I have a couple of writer-friends who cannot critique a manuscript to save their lives, nor can they analyze what they are responding to in a work they admire. Why? Because they have not yet learned how to read like a writer. Instead, they tend to plunge right in and get involved in the story, no matter what (even if the prose is uneven and the work doesn’t hang together). They often describe this experience as being like watching the movie unfold inside their minds.
In order to hone the craft of writing, it’s important to learn to stop enjoying books. Or perhaps I should say, when to stop merely enjoying the reading experience, and start understanding it, and analyzing why you respond to a work the way that you do. This will help you improve your own work, deliver better critiques for your writing buddies, and appreciate how the authors you admire craft their prose to best effect.
So, how do you ruin your reading experience? Don’t worry, I’m here to help. And I find, ultimately, that reading like a writer provides a different, but no less enjoyable experience. The goal is to bifurcate your reading brain, so that, as you react to the work, you are also aware of the reasons for that reaction–in essence, you are observing yourself reading. The approach is similar to techniques used in counseling or meditation, when you make note of your behaviors and responses, so that you can modify them later as needed.
A work of fiction exists on several levels: the one we tend to focus on is the macro level (the story, the characters, the plot overall), but the micro level is where the action really happens (the words, sentences, paragraphs and structures that create the on-going movie of the prose).
In order to understand the macro level of a work, one thing that helps me to break the movie is listening to the audio book, especially while I am engaged in some other activity–driving, house-painting, or what-have-you. The physical activity means you can’t fully invest in the “reading”, and the fact that you are listening tends to blur the focus on individual scenes or moments, and instead give an overview of the work, the rhythm of scenes and sequels, the structure of the plot.
But when you want to understand what’s really going on, you’ll need to dig deeper–and this is what will also make you a great critique partner. Reader reaction, especially to character, is often based on small word choices that build into the complete image. If the wrong word or phrasing choices are made, the impression the reader receives could be completely different from what the author intended. Placing two ideas close to each other in the text leads the reader to link them, regardless of what the author had in mind. As the reader in this scenario, you need to be able to articulate what you are responding to in the text, as the writer, you need to act as a sleuth and discover the small details that are triggering your reader’s response.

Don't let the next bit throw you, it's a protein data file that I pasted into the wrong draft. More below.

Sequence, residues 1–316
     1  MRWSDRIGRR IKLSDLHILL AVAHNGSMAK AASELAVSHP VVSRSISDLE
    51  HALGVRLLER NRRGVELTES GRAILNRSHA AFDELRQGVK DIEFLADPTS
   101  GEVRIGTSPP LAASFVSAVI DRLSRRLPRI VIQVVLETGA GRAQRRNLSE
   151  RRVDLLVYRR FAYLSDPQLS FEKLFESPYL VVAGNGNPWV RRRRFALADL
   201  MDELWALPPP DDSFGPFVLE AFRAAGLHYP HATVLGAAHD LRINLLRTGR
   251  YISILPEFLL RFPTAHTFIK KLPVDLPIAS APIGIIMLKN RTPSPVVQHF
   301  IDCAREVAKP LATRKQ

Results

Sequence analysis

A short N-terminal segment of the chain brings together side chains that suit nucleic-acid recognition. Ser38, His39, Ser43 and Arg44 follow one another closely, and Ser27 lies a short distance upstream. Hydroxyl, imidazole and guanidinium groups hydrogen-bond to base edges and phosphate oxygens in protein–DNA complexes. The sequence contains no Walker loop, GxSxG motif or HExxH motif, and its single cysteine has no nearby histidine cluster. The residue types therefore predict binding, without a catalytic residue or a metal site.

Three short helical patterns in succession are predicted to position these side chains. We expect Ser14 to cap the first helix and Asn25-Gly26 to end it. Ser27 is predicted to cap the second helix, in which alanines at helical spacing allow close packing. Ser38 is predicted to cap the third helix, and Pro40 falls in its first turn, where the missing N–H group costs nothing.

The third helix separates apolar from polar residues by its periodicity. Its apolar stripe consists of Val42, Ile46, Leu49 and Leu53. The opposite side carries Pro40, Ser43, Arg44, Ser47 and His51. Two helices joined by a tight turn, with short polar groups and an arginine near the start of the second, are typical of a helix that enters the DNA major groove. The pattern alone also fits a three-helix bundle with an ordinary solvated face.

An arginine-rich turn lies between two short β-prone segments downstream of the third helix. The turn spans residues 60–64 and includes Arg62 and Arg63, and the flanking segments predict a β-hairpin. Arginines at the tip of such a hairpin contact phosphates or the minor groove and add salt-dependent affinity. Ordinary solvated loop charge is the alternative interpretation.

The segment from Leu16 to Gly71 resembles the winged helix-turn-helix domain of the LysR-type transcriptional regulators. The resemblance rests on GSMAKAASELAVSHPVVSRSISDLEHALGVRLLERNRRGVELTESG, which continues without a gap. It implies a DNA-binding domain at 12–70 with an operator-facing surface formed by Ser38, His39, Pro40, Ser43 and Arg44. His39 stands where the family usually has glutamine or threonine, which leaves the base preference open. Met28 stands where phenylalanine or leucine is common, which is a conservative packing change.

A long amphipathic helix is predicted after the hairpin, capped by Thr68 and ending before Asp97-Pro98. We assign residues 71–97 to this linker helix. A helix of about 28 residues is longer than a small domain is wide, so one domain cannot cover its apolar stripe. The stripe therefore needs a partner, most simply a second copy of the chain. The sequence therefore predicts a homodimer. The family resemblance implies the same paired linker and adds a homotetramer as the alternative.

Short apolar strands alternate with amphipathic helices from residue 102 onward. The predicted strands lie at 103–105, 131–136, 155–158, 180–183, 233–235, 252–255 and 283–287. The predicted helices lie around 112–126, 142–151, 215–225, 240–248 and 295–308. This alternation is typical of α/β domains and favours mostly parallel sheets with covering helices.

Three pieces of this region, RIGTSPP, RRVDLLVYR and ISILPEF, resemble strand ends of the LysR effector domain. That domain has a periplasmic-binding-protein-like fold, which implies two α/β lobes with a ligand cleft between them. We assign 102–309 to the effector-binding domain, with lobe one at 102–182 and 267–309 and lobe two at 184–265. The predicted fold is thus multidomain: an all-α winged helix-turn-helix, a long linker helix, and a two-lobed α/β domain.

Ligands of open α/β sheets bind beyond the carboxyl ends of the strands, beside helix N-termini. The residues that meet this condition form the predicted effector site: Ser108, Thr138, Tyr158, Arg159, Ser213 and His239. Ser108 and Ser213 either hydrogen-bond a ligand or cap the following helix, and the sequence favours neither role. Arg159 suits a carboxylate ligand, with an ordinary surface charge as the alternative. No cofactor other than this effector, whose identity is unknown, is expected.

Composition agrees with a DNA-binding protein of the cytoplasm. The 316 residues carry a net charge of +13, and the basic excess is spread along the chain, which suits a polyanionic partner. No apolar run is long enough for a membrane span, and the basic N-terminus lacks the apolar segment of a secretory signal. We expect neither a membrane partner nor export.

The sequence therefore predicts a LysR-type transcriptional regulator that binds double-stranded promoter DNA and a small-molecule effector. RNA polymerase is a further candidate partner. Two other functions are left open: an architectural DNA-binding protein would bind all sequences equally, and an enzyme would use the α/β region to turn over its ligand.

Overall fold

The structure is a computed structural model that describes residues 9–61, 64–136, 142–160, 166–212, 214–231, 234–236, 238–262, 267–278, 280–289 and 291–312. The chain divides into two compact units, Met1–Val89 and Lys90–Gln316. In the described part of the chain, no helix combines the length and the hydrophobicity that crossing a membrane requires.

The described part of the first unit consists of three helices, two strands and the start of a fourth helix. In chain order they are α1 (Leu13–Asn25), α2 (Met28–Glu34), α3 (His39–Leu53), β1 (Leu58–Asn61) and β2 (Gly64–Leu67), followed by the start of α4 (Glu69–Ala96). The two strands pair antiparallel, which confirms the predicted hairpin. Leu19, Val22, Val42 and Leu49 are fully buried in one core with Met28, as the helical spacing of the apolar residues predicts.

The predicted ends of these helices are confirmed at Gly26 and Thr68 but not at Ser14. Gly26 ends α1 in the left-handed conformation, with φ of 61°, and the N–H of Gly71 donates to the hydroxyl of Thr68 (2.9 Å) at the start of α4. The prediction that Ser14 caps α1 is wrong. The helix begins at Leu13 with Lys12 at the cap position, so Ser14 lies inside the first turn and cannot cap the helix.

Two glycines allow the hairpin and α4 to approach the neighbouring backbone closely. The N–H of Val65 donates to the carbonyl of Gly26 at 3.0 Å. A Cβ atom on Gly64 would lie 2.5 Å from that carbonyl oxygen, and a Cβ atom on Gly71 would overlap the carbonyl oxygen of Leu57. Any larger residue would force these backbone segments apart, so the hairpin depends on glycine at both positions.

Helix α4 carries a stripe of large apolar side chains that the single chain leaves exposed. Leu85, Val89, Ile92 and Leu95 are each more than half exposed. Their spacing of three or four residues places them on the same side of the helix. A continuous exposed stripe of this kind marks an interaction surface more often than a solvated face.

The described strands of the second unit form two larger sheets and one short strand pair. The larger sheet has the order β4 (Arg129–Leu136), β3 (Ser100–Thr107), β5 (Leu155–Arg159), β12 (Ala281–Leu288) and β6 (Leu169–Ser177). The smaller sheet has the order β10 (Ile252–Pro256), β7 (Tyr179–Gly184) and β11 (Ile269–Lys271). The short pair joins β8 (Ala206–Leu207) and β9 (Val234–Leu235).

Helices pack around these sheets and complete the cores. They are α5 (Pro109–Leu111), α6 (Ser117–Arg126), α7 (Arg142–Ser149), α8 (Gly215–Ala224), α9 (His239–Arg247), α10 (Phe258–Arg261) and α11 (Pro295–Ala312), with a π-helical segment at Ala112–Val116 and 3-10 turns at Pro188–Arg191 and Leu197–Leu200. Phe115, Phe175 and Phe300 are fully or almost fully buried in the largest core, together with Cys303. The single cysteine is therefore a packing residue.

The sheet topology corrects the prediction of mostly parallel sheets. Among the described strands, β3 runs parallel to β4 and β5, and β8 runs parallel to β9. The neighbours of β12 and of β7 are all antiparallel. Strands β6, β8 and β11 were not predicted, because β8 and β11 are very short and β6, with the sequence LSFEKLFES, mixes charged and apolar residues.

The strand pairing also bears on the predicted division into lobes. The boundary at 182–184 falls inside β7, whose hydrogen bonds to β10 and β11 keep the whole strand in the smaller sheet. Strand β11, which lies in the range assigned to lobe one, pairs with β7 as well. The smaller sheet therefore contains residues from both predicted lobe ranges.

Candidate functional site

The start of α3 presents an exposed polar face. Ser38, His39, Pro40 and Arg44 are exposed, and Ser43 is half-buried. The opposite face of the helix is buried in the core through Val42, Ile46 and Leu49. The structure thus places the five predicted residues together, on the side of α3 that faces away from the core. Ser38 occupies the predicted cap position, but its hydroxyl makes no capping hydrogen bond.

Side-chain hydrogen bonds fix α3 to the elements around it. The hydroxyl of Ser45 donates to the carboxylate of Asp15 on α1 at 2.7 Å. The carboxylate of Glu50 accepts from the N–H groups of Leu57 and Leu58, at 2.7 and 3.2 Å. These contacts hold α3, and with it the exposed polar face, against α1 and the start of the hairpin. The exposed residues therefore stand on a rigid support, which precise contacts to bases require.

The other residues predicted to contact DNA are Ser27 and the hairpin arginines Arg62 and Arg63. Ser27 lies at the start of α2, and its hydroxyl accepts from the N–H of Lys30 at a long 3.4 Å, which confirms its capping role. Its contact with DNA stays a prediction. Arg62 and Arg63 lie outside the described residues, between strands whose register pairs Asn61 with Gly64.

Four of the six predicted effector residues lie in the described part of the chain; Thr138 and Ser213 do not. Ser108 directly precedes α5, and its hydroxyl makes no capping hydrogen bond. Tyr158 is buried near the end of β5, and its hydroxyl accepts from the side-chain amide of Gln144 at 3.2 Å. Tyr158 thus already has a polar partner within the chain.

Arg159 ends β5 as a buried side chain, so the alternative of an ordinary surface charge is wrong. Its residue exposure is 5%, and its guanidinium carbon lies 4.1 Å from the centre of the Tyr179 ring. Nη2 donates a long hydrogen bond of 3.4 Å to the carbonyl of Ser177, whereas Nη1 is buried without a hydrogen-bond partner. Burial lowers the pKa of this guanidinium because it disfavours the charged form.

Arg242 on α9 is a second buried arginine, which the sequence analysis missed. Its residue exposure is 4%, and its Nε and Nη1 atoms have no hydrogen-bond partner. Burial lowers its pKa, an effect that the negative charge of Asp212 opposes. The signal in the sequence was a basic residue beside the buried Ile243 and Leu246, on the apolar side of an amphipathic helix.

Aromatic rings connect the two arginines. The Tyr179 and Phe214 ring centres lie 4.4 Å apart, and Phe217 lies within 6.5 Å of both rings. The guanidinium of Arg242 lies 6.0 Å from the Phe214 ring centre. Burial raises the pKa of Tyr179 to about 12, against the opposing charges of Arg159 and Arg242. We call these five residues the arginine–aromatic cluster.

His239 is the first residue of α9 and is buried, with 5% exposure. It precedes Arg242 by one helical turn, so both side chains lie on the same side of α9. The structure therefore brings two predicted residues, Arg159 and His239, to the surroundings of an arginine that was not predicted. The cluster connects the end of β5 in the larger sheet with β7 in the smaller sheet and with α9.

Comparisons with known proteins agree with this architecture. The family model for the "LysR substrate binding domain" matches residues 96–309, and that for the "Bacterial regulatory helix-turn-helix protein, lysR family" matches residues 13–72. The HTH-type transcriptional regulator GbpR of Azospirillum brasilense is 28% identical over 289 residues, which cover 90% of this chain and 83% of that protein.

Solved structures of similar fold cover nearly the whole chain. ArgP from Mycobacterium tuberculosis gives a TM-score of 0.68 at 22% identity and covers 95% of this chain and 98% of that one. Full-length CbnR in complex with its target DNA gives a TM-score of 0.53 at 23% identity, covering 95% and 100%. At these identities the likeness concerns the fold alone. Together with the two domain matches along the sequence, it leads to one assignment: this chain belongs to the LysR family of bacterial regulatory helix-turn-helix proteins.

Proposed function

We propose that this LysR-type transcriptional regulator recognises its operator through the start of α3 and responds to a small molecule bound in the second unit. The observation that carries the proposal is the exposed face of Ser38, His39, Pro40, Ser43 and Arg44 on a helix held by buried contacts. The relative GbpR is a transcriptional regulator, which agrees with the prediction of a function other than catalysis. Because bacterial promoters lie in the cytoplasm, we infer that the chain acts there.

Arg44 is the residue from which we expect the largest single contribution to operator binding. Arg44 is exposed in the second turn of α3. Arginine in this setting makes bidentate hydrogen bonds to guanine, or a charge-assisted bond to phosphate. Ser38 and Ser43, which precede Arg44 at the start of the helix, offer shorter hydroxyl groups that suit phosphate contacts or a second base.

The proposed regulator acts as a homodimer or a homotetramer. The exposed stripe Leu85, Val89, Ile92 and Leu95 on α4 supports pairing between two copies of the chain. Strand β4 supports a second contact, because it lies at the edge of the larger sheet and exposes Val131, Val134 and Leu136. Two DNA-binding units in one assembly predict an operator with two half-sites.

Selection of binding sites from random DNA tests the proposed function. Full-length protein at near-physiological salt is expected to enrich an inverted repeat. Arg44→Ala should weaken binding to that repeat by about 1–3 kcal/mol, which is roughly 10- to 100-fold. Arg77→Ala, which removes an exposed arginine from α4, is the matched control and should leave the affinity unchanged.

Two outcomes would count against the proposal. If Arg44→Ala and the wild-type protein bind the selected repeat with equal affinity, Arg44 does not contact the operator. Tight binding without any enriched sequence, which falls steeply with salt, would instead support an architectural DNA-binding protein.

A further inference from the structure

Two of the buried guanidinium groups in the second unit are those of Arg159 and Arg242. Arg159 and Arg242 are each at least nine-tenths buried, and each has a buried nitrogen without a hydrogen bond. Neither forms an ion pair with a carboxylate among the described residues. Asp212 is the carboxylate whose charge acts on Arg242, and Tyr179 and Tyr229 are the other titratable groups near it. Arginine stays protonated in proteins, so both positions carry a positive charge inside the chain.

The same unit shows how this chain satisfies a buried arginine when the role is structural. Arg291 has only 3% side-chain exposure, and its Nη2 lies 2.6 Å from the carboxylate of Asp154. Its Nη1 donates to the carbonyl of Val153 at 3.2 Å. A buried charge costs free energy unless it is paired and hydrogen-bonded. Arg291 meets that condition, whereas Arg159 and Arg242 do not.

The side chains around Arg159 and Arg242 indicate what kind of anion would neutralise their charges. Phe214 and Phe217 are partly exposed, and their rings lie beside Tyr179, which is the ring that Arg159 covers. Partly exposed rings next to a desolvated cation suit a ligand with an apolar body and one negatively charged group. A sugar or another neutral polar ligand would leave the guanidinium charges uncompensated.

Sometimes, it can come down to a single word. The word “sneer” for instance is overwhelmingly negative. If you intend for a character to be sympathetic, use of that single word could undercut the entire effect.
To hone this kind of close reading, I recommend re-typing passages from published works. Sit with the book open in front of you, and simply type out what you see. If you are simply reading the words, you may not pay attention to the sentence structure, word order, or accumulation of detail that creates scene and character. Typing the words forces you to slow down–to freeze-frame the movie–and look at each comma, each word choice, and think about how they work together. This can be a great way to learn from the authors you wish you could be. The idea isn’t to copy them into your own prose, the idea is to understand how they do what they do, and think about how you can better use your own small choices as a result. Learn from the masters–and also from the not-so-masterful. If a book isn’t working for you, analyzing *why* it doesn’t work can be just as important. While re-typing passages, I have found which authors are master of metaphor, and which are making lazy verb choices.
When you return to your own manuscript (or to your friend’s), apply the same kind of macro and micro analysis. What is the overall effect of the prose? What small choices add up to create that effect?
Thanks, E. C., for ruining reading for me. . .well, as I said, I find this kind of reading to have its own joys, including the thrill of discovery when you can see the mechanics of the magic–you can be inside the secrets of prose. And if I do find myself sinking through the words, into the movie, then I know I have found a true master. What techniques do you use to separate writer’s mind and reader’s?
In the meantime, you’re welcome.